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A westbound South Shore Line train travels through downtown Michigan City. The railroad's tracks will be moved off the street if a double-tracking project comes to fruition.

MERRILLVILLE — The Northwest Indiana Regional Development Authority on Thursday committed $3 million annually to the South Shore Line's Double Track project, part of a $290 million effort to add a second set of tracks between Gary and Michigan City and to shift the tracks out of the center of the street in the latter community.

The allocation constitutes Lake and Porter counties' share of the project. The annual payment would continue for 30 years, unless the project's bonds are retired earlier.

LaPorte County has decided to pay its share of the project upfront, as allowed by legislation enacted at this year's Indiana General Assembly, with an $18.25 million contribution from the county and Michigan City.

St. Joseph County also is considering an $18.25 million upfront contribution. A vote of the county's Board of Commissioners could happen June 20.

The state has committed $6 million annually to the project.

Half of the design and construction cost, or about $145 million, would be covered by a federal grant for which the Northern Indiana Commuter Transportation District will apply late this summer.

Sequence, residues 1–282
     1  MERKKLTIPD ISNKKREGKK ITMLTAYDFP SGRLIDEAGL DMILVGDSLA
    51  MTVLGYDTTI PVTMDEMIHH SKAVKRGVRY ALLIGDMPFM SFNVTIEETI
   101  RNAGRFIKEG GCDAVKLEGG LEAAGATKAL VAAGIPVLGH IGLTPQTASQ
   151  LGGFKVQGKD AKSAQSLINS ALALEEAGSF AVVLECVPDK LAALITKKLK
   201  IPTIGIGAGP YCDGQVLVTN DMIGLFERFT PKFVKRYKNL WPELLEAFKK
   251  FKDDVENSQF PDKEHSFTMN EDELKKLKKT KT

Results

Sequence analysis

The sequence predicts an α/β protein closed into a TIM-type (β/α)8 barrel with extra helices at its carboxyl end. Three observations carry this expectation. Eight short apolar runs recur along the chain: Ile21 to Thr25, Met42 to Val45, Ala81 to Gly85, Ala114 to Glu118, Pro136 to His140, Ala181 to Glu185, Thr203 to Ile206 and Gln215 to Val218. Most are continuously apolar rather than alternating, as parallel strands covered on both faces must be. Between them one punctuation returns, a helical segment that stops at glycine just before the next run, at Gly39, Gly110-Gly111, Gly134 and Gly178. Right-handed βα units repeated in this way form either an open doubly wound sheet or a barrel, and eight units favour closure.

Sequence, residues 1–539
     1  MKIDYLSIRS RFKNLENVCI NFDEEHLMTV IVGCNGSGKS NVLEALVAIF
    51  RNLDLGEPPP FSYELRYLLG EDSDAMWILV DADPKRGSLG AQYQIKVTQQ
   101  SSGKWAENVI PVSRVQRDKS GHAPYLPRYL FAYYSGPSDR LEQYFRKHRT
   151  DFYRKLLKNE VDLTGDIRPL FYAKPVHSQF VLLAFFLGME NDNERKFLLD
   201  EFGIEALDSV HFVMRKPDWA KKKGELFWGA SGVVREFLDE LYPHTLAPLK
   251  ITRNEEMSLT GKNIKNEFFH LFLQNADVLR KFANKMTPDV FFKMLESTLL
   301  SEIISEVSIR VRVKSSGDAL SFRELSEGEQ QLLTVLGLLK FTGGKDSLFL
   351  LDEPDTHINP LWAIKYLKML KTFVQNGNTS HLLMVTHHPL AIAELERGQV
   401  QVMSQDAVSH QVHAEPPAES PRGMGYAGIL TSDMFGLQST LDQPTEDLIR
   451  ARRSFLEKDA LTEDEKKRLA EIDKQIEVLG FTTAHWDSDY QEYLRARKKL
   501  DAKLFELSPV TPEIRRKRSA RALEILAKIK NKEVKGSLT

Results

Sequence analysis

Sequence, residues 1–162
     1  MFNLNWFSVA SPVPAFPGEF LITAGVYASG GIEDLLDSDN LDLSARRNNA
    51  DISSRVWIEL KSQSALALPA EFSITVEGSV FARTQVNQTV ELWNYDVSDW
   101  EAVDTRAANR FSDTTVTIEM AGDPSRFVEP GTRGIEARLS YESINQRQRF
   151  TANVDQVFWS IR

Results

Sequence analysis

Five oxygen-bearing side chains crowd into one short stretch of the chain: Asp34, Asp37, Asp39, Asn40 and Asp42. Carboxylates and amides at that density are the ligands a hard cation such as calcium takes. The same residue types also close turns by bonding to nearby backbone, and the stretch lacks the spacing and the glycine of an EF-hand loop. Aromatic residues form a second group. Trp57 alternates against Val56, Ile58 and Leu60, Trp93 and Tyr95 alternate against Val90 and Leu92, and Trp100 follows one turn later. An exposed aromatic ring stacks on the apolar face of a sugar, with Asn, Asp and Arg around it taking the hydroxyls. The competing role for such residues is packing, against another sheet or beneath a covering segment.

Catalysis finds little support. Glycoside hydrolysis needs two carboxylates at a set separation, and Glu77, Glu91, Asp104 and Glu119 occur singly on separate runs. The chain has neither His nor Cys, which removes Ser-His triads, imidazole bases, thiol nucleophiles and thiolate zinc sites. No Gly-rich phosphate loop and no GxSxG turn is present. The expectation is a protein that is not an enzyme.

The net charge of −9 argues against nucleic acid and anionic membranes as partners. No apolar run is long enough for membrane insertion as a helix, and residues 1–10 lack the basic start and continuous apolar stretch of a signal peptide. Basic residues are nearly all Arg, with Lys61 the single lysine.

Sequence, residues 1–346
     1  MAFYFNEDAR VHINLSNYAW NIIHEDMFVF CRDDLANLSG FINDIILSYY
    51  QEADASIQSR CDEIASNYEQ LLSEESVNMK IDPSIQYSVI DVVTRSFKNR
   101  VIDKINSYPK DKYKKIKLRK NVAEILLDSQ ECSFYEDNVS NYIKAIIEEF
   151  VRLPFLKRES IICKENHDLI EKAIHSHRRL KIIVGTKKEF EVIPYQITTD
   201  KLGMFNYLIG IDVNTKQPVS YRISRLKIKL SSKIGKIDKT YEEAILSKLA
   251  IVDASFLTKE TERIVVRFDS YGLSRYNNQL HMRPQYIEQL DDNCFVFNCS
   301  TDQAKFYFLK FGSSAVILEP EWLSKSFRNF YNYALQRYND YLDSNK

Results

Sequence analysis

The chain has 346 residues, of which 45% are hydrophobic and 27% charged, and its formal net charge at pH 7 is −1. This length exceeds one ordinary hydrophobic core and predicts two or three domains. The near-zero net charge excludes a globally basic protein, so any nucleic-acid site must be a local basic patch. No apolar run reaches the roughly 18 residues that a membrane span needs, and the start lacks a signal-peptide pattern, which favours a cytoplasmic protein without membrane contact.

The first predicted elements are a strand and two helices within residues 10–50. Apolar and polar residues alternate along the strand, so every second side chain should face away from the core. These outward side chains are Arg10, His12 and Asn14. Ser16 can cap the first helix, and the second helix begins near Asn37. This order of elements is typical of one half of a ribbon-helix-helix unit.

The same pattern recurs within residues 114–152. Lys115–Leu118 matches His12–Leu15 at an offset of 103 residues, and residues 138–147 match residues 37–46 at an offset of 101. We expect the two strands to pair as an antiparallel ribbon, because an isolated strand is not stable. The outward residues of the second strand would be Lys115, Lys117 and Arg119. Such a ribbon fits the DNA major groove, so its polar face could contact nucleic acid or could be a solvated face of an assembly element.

Bill Hanna, president and CEO of the RDA, said locking up state and local financing in advance of sending an application to the Federal Transit Authority will be a benefit in the competitive grant process.

"We are at a distinct advantage in relation to our competitors," Hanna said.

The RDA board of directors also approved about $3.7 million in expenditures regarding Double Track and the West Lake Corridor project, an extension of the South Shore from Hammond to Dyer with a price tag of about $615 million.

Most of the money, $2.9 million, will fund a contract with the consulting firm KPMG, which is working on attracting private development around current and future train stations. KPMG is creating a detailed market study and has been in contact with potential developers, Hanna said.

The remainder of the money will pay for legal, accounting and public engagement services.

Board member Phil Taillon objected to approving the expenditure before the projects receive their FTA ratings, anticipated this fall.

Also at Thursday's meeting, the board approved the hiring of planning firm Conventions, Sports & Leisure to do a feasibility study and market analysis evaluating the possibility of building a convention center, a long-sought goal of the South Shore Convention and Visitors Authority.

The firm is headquartered in Minneapolis and has a Chicago office. The contract is for $56,500.

Lake County government requested the study, which will consider the market for convention space and the best locations for a center. Once a contract is finalized, the study should take about six months, RDA Chief Operating Officer Sherri Ziller said.


Transportation Reporter

Andrew covers transportation, real estate, casinos and other topics for The Times business section. A Crown Point native, he joined The Times in 2014, and has more than 15 years experience as a reporter and editor at Region newspapers.